Equatorial Superrotation and Maintenance of the General Circulation in Two-Level Models

R. Saravanan Department of Applied Mathematics and Theoretical Physics, University of Cambridge, Cambridge, England

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Abstract

Suarez and Duffy have noted an interesting bifurcation in a two-level gridpoint general circulation model when strong tropical heating is imposed. This bifurcation results in a model climatology with strong upper-level westerlies in the tropics. In this paper, it is argued that this bifurcation is essentially due to the dominant role played by extratropical baroclinic transients in the tropical angular momentum budget. A series of numerical experiments is analyzed with a global two-level primitive equation model, using spectral truncation in the horizontal. The model climatologies in these experiments fall into two categories: 1) conventional, that is, weak upper-level easterlies/westerlies in the tropics; and 2) superrotating, that is, strong upper-level westerlies in the tropics. An attempt is made to explain the maintenance of the general circulation in these two radically different climatologies by studying the properties of unstable normal modes for the two different time-mean states. The spectral characteristics of angular momentum transport due to transient eddies in these two climatologies are also discussed. To understand the meridional propagation of transient eddies, the notion of a “modal” refractive index in the quasigeostrophic approximation is introduced. From this analysis it is concluded that the conventional climatology is stable to weak perturbations, with the “restoring” force being provided primarily by extratropical baroclinic eddies. Strong perturbations completely change the propagation characteristics of these eddies, leading to a bifurcation of the general circulation. This has interesting implications for the range of validity of two-level models and the transitivity of tropospheric general circulation.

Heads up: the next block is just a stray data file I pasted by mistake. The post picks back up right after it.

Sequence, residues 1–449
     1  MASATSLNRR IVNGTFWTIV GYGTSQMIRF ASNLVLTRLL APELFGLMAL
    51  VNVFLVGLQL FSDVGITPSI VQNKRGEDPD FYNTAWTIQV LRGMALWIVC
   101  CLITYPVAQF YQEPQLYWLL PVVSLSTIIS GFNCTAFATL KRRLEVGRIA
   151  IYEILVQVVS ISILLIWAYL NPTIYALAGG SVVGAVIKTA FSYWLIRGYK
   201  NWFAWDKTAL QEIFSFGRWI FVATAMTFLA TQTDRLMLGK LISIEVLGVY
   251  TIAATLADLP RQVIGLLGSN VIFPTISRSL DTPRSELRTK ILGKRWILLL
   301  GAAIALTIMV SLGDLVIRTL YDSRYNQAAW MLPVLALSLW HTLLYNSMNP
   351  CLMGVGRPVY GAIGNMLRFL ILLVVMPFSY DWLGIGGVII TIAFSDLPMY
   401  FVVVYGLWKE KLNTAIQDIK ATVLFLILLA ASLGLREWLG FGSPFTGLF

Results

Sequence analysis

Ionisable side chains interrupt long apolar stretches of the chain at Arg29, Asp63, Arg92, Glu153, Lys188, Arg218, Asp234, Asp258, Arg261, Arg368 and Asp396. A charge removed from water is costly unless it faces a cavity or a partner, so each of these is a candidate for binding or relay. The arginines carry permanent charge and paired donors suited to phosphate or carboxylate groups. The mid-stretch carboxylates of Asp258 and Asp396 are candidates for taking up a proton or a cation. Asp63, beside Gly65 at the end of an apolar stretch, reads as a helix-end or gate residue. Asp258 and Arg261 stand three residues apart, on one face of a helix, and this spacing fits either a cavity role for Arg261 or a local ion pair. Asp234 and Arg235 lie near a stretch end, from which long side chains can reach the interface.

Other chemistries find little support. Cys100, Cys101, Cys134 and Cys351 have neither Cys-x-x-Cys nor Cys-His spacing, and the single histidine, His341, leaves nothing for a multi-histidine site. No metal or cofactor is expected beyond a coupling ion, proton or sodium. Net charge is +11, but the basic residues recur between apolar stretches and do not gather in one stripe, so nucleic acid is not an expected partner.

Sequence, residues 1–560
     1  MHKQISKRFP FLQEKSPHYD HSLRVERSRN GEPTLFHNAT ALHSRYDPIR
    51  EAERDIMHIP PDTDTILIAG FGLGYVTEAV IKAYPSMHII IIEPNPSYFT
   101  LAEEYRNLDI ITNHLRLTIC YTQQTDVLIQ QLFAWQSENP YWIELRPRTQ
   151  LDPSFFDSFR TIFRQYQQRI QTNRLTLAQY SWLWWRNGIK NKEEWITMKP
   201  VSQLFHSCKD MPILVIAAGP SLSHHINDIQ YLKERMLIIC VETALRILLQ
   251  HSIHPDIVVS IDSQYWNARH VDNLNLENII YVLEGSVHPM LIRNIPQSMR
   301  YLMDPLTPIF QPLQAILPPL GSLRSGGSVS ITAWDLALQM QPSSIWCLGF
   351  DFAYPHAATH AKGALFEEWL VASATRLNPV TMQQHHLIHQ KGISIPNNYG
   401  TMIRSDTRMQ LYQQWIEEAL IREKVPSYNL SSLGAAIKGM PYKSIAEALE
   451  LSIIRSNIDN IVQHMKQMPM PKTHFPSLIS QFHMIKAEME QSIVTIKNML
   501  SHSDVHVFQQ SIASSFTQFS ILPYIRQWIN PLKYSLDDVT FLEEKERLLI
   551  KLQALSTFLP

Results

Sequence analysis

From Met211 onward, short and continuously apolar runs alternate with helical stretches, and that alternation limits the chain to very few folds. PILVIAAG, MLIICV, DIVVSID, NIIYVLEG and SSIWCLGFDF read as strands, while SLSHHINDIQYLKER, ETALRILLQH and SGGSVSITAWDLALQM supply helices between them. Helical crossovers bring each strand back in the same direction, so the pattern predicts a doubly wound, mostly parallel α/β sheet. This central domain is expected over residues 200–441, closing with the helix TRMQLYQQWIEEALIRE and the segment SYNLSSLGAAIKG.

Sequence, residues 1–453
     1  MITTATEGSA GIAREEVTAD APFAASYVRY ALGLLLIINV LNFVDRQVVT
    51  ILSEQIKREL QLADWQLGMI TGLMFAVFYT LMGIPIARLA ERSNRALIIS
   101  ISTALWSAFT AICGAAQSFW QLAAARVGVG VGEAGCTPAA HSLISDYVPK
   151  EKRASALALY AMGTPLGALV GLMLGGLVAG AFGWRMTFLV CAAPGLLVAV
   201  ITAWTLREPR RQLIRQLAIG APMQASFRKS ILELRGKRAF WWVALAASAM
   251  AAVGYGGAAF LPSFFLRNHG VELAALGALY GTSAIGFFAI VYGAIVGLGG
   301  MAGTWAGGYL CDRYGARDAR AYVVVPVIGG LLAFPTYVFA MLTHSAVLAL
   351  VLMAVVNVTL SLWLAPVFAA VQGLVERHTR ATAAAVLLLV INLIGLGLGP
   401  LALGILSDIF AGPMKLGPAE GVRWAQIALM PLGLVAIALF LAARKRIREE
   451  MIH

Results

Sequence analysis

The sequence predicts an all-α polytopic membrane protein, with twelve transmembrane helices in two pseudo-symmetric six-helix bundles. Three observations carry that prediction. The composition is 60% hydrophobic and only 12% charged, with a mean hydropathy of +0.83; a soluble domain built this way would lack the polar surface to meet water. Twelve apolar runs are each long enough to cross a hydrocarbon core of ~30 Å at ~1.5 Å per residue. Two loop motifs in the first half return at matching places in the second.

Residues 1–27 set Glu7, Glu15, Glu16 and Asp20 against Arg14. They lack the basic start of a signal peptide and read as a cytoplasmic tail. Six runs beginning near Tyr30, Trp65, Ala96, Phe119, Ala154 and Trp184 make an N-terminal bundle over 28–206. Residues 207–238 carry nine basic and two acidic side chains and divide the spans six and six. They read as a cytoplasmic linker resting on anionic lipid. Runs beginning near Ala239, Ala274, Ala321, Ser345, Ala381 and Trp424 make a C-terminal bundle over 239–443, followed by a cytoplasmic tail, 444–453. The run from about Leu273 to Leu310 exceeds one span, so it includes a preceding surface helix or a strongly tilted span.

Abstract

Suarez and Duffy have noted an interesting bifurcation in a two-level gridpoint general circulation model when strong tropical heating is imposed. This bifurcation results in a model climatology with strong upper-level westerlies in the tropics. In this paper, it is argued that this bifurcation is essentially due to the dominant role played by extratropical baroclinic transients in the tropical angular momentum budget. A series of numerical experiments is analyzed with a global two-level primitive equation model, using spectral truncation in the horizontal. The model climatologies in these experiments fall into two categories: 1) conventional, that is, weak upper-level easterlies/westerlies in the tropics; and 2) superrotating, that is, strong upper-level westerlies in the tropics. An attempt is made to explain the maintenance of the general circulation in these two radically different climatologies by studying the properties of unstable normal modes for the two different time-mean states. The spectral characteristics of angular momentum transport due to transient eddies in these two climatologies are also discussed. To understand the meridional propagation of transient eddies, the notion of a “modal” refractive index in the quasigeostrophic approximation is introduced. From this analysis it is concluded that the conventional climatology is stable to weak perturbations, with the “restoring” force being provided primarily by extratropical baroclinic eddies. Strong perturbations completely change the propagation characteristics of these eddies, leading to a bifurcation of the general circulation. This has interesting implications for the range of validity of two-level models and the transitivity of tropospheric general circulation.

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